March 18, 2010
Bestselling author openly admits to plagiarism … again
by Dennis Johnson
Now it can be told: Bestselling author Gerald Posner stepped down from his position last month as “chief investigative reporter” of The Daily Beast after a Jack Shafer report for Slate accused him of plagiarizing stories from the Miami Herald about a Mob trial in Miami. As Shafer noted, Posner
… didn’t make any excuses, either. And he made no effort to escape the P-word, which writers caught stealing copy usually do.
Stating that he was “horrified” at what he did, Posner agreed that it constitutes plagiarism. But he couldn’t figure out how he did it.
He said he had no memory of having seen the Herald story, describing himself as “absolutely sure” he did not see it before sending his own story to Beast editors. But that memory must be wrong, he said, because the similarities between the two pieces are too great, and the Herald‘s story was posted before he e-mailed his to his editors at 2:03 a.m. on Feb. 2.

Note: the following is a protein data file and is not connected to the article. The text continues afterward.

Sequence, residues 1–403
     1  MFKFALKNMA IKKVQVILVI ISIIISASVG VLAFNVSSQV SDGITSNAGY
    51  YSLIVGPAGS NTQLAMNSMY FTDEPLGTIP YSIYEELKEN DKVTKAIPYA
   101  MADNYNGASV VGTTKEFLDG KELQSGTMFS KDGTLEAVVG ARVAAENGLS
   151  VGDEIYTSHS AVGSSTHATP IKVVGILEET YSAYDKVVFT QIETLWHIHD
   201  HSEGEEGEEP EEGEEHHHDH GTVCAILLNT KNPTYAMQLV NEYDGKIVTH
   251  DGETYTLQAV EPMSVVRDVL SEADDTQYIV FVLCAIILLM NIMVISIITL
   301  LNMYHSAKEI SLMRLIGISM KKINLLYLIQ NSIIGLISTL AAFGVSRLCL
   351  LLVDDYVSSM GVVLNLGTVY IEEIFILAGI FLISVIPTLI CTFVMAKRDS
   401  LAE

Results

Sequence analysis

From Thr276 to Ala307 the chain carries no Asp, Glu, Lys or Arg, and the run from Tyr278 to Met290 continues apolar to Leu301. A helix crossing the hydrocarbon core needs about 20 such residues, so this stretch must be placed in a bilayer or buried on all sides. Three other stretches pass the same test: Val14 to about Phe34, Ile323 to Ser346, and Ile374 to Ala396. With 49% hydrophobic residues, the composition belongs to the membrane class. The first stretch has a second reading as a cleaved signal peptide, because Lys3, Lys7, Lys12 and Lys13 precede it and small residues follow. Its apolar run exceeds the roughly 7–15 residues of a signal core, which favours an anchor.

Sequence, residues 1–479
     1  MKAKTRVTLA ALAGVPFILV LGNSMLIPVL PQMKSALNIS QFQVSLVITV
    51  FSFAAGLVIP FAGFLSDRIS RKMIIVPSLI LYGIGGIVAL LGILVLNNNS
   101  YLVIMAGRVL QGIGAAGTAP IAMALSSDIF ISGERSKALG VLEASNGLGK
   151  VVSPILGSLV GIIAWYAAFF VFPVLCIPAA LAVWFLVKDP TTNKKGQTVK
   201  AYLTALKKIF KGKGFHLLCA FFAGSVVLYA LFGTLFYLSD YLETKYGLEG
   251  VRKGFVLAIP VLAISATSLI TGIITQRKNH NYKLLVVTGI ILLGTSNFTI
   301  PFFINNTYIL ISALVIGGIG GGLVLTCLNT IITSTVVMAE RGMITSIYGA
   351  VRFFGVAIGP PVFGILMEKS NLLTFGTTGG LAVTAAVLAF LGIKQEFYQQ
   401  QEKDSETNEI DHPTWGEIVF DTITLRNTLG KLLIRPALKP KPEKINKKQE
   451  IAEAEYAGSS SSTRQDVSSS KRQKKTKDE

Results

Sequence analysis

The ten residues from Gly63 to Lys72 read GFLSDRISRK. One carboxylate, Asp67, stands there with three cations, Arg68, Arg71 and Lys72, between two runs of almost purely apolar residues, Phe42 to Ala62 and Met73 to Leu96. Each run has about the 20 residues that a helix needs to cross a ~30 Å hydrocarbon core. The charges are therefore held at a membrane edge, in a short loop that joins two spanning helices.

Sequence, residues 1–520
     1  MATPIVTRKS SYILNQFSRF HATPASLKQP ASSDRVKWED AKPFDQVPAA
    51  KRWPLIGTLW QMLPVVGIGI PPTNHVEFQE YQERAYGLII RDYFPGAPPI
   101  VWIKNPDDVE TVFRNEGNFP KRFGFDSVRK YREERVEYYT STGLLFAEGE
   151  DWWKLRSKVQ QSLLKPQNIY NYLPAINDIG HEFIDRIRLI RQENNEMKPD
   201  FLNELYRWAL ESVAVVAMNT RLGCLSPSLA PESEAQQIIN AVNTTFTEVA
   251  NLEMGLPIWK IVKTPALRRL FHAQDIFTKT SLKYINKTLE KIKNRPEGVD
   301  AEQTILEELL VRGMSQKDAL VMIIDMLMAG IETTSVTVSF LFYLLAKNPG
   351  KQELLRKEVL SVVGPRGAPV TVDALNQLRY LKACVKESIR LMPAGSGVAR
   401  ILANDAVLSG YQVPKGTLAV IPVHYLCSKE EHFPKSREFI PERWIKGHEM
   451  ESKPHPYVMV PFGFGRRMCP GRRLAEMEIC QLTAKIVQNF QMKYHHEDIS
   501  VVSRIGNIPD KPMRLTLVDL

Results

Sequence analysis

“I must have had the Miami Herald there and copied.” He regards the subtle differences between his copy and the Herald‘s as evidence of him “doing the rewrite” of what he thought was his copy.
Now, in an Associated Press wire story by Hillel Italie, Posner — author of the acclaimed book Case Closed, on the Kennedy assasination — admits just as bluntly to further plagiarism in his newest book, Miami Babylon, about the history of mob activity in Miami.
According to Italie,
Posner said he scanned many documents and books he used for “Babylon,” including from “Clubland,” into a computer database instead of working with the documents all in front of him, as he had done in previous books. Since the book took years to write, he said he should have marked the passages from other sources much better, so that when he went back to work on the chapters, he would be certain which were his words and which were others.
Some of the passages are similar but not identical because he edited them, he said.
As Posner himself says, “If you use something from another book, a statement from another book, it needs to be in quotations, or if you take something and put it in your own syntax and grammar, you still need to cite it.” He also tells Italie, “There is no worse word than the ‘p’ word â€” plagiarism …. It conjures up the worst elements of the business.”
A statement from the book’s publisher, Simon & Schuster, says, “We are reviewing the situation and discussing the issues with the author.”
Dennis Johnson is the founder of MobyLives, and the co-founder and co-publisher of Melville House.